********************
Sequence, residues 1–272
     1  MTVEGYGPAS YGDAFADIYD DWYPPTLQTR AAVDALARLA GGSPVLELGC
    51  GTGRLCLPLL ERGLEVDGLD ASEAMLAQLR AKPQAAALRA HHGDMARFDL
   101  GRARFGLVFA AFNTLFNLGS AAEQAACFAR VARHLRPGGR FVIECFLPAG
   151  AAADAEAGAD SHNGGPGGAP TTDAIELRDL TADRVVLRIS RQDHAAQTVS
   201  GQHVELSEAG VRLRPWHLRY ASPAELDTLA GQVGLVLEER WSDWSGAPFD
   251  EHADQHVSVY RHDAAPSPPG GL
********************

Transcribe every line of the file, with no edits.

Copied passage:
Sequence, residues 1–272
     1  MTVEGYGPAS YGDAFADIYD DWYPPTLQTR AAVDALARLA GGSPVLELGC
    51  GTGRLCLPLL ERGLEVDGLD ASEAMLAQLR AKPQAAALRA HHGDMARFDL
   101  GRARFGLVFA AFNTLFNLGS AAEQAACFAR VARHLRPGGR FVIECFLPAG
   151  AAADAEAGAD SHNGGPGGAP TTDAIELRDL TADRVVLRIS RQDHAAQTVS
   201  GQHVELSEAG VRLRPWHLRY ASPAELDTLA GQVGLVLEER WSDWSGAPFD
   251  EHADQHVSVY RHDAAPSPPG GL